The Lord of the Rings: The Movies

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#Lecture 7: The Lord of the Rings: The Movies

Introduction:

Of course, we cannot really talk about the Lord of the Rings anymore without talking about the movies.

Irritations:

Maybe it was because they couldn’t find the appropriate place in New Zealand, but the plains of Rohan were way too rocky.

Many of you who have seen Kenneth Branaugh’s Henry V have perhaps been distracted by his serious case of 80’s hair. And we have all seen things like this date themselves too frequently to excuse us continuing to do it. What’s with Aragorn as major greaseball?

Aragorn floating in the river, getting kissed by his horse, surrounded by a major Enja moment.

The village (!) of Rohan evacuating. That whole thing was like a Monty Python view of what it was to live in medieval-like settings.

The fact that elves came to defend Helm’s Deep was bad enough. But them arriving like a precision marching drill team was the utter frozen limit.

Legolas sliding down the stairs on a shield or something was the obligatory James Bond moment.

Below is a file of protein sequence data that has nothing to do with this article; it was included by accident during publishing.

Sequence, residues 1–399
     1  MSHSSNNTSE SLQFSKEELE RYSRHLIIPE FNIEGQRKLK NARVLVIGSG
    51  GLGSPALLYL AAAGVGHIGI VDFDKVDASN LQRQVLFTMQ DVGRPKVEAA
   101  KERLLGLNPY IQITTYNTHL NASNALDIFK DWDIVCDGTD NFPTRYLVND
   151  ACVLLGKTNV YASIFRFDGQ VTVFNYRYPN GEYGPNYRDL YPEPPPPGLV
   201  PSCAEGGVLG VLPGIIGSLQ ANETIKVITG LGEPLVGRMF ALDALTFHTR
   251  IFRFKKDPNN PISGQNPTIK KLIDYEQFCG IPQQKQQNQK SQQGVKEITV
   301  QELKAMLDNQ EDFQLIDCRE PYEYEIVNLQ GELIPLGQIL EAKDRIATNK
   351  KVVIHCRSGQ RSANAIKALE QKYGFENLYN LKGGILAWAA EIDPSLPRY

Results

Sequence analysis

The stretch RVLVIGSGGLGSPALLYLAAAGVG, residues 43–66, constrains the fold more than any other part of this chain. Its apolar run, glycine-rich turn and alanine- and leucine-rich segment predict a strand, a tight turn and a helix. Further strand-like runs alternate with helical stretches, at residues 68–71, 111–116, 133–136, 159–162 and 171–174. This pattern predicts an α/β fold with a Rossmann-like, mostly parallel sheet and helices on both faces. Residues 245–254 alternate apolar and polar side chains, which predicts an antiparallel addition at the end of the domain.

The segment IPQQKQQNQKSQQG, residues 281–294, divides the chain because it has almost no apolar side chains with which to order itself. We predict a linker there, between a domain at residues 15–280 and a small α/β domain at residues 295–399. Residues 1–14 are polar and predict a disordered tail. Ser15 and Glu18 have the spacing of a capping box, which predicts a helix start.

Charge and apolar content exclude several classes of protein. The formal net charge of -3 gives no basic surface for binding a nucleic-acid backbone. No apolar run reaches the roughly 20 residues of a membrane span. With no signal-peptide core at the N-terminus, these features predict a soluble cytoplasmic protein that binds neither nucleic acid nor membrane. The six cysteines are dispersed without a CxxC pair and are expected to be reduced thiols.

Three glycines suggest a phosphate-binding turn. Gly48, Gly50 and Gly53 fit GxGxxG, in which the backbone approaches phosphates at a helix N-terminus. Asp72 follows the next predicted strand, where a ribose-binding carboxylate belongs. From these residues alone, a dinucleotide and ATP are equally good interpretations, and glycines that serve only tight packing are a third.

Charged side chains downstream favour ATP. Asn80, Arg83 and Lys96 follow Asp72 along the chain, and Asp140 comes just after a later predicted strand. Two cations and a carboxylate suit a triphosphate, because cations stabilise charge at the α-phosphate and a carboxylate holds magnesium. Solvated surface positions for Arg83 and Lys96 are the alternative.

In the final sortie at Helm’s Deep, I was interested to learn where the horses suddenly came from.

Mordor looked like a Transylvanian castle on Halloween night, on steroids. Way overdone.

Dramatic Limitations:

One of the most glaring problems in the movie was the artificial way they had of creating tension to keep the folks in their seats, forgoing the popcorn. This was done through the expedient of having characters collide over a bunch of nothing, at what seemed like ten minute intervals. This happened (at least) with Aragorn and Legolas, Theoden and Gimli, Merry and Pippin, and Theoden (the slow learner) and Aragorn. This last one happened twice.

Faramir!

Having been warned, I was braced for this atrocity. But it actually turned out to be just a lesser abomination. I was expecting Faramir to crater before the Ring just like Boromir had done, but what they did was at least consistent with the character of Faramir in the book. In other words, he makes to send the Ring back to Gondor, not because he was in the grip of it, but because he was being a dutiful son. The change made a hash of the dramatic action, and was certainly unnecessary, but it was not the full-throated howler that I was expecting.

Overdone

In the category of the overdone, I would also want to list Gandalf’s theophany. Way too bright. I would also put Theoden’s release from his spell here. And Wormtongue was just a tad more greasy than Aragorn.

Impossible to Please?

No, Gollum was just right.

 

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Ian
Ian
2 years ago

Another point I thought was much better done in the book: Frodo displays chivalry towards Smeagol, however the movie turns Smeagol into the victim when Frodo betrays him at the forbidden pool.